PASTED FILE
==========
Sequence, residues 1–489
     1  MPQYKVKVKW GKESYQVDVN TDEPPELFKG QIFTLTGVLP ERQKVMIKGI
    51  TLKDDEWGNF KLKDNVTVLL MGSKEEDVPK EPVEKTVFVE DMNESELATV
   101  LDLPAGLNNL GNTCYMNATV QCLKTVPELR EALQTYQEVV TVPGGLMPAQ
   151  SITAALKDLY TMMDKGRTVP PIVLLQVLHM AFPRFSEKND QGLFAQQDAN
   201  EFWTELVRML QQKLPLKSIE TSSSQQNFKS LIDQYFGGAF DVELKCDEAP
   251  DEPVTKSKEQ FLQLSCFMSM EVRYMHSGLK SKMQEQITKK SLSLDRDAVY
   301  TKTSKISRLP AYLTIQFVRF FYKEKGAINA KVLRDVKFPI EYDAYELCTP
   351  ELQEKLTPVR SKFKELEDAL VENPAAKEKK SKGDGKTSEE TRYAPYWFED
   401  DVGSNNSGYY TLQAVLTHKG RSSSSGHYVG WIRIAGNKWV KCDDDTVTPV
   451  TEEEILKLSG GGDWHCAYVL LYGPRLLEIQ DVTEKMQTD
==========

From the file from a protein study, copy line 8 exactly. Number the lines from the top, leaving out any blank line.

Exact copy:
   301  TKTSKISRLP AYLTIQFVRF FYKEKGAINA KVLRDVKFPI EYDAYELCTP